Wyrembeck won his award for his innovative use of technology in the classroom. He created a microcomputer-based lab with five mobile computers on carts. The computers are equipped with probes, sensors, a motion detector and accelerometer.

“You need a high-speed computer and a force probe for this experiment,” he noted.

The Vernier Technology Awards recognize and reward the innovative use of data collection technology, using a computer, graphing calculator or other handheld data collecting device in the science classroom.

“NSTA awardees represent the best and brightest in science education.”

“NSTA awardees represent the best and brightest in science education,” said John Penick, NSTA president. “We congratulate these outstanding educators fort heir lifelong commitment to science education and for their innovative and creative approaches to teaching our students science.”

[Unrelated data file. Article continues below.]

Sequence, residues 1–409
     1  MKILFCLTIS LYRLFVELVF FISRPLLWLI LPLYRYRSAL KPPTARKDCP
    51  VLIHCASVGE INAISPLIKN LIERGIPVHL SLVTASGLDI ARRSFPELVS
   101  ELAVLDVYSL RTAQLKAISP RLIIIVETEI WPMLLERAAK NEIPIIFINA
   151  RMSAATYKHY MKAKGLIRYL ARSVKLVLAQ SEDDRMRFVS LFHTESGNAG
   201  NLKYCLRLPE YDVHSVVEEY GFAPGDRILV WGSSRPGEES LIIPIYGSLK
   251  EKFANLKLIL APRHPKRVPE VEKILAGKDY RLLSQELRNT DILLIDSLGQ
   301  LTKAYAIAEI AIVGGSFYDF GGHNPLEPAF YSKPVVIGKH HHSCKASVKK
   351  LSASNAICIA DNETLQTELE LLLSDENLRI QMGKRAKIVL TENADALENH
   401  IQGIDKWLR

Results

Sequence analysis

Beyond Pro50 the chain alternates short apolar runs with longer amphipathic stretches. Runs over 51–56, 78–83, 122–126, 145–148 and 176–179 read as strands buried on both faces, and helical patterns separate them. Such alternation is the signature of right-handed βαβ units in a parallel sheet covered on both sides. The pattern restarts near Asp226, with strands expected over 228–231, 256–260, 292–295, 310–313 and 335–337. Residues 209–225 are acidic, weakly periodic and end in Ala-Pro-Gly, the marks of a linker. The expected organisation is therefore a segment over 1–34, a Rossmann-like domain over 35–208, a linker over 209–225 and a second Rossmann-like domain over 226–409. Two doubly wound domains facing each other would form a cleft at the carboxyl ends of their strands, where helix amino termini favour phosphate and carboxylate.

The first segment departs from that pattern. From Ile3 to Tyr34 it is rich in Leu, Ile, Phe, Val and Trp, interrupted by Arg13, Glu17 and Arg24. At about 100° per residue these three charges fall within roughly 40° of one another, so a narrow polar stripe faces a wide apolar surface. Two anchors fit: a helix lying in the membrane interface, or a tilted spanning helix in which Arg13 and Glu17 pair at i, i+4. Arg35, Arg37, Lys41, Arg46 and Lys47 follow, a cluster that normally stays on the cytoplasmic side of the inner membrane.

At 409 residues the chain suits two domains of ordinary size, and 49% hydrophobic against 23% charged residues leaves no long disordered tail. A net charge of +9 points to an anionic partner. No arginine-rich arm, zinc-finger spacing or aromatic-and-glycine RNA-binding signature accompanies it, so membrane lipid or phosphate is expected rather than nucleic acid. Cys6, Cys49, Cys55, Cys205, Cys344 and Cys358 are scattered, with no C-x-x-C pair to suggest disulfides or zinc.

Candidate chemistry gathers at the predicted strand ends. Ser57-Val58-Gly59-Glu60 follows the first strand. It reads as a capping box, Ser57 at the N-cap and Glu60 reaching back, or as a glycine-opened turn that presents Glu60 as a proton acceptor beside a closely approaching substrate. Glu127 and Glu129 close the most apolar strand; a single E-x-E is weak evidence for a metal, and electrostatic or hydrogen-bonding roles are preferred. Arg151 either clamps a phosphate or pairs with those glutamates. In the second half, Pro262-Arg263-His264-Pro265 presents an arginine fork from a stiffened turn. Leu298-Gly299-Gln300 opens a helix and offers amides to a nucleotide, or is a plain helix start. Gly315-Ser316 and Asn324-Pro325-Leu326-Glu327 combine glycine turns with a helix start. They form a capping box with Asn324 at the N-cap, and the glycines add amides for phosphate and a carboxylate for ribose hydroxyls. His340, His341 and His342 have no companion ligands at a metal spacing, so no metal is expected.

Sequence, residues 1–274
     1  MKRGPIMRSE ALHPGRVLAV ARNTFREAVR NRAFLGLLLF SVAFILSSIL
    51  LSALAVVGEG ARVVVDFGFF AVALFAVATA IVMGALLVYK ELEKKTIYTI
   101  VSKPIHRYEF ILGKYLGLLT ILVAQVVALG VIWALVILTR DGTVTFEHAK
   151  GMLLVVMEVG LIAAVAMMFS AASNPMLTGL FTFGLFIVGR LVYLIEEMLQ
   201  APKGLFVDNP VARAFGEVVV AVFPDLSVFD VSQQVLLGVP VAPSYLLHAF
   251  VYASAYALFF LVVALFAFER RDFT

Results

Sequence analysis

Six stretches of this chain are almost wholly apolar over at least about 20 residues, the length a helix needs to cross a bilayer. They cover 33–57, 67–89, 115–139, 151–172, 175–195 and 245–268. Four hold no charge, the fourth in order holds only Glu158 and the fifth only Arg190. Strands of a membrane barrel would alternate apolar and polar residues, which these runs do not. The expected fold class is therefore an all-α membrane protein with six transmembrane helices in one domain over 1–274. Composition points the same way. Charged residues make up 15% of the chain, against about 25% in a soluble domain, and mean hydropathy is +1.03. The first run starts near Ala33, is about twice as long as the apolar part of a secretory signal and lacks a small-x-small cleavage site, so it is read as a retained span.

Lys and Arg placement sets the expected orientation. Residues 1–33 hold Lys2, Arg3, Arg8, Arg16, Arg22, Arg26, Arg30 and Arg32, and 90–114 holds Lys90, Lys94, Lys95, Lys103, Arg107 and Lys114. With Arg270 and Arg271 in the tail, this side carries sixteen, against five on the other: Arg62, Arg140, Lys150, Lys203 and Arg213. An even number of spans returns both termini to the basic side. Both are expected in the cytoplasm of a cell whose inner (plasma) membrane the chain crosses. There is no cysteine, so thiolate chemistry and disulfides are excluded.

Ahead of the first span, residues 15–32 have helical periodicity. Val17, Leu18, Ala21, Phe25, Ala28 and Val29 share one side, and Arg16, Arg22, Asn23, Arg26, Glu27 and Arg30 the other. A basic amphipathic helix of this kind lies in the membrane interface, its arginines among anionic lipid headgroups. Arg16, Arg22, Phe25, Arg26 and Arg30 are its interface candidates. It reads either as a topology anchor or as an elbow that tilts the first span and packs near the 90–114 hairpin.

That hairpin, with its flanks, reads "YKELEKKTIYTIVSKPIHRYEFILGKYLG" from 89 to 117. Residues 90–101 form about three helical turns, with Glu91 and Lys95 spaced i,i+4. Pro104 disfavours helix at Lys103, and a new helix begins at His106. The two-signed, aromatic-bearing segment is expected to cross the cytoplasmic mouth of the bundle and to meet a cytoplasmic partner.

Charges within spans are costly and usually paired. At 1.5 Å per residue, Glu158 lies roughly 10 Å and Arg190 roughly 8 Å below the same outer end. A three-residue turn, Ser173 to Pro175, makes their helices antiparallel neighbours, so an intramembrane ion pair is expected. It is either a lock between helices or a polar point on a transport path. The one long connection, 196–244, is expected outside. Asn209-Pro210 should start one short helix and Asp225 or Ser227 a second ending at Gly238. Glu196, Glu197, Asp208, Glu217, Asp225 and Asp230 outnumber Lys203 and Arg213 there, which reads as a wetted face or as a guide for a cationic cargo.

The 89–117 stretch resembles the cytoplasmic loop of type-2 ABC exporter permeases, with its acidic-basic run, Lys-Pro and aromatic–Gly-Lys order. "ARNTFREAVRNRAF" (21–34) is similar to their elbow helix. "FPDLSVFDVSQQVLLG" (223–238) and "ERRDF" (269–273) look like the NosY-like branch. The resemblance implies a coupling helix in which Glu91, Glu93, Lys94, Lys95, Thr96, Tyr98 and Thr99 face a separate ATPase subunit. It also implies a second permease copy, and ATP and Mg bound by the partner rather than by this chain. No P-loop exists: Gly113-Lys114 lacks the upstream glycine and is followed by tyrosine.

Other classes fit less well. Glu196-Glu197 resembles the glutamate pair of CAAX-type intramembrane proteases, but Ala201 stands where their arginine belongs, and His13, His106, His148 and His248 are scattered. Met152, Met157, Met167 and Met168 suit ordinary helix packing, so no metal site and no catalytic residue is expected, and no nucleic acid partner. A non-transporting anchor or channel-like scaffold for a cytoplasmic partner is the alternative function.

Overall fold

Wyrembeck and his wife Theresa attended a special banquet and award ceremony in Atlanta, from April 1-4, during the NSTA National Convention. He was awarded $3,000: a $1,000 cash award, another $1,000 for travel expenses to and from Atlanta, and $1,000 worth of vouchers to purchase Vernier science equipment: probes, sensors and software for his classroom.

“I am very pleased and grateful for this award, since there are only three high school teachers selected in the nation,” he said. “I consider myself very lucky.”

“But although my name is on the award, I could not have done this without the students, administrators and secretaries at school and without the whole Howards Grove community.”

“He came up with the idea for the experiment after watching a segment of a ‘Real Television’ program.”

He came up with the idea for the experiment after watching a segment of a “Real Television” program. The program involved a number of daredevils who were swinging from a suspension bridge in Florida. They attached a cable to a high bridge, then sat on a small support at the end of the stretched out cable and swung up and down on a simple pendulum.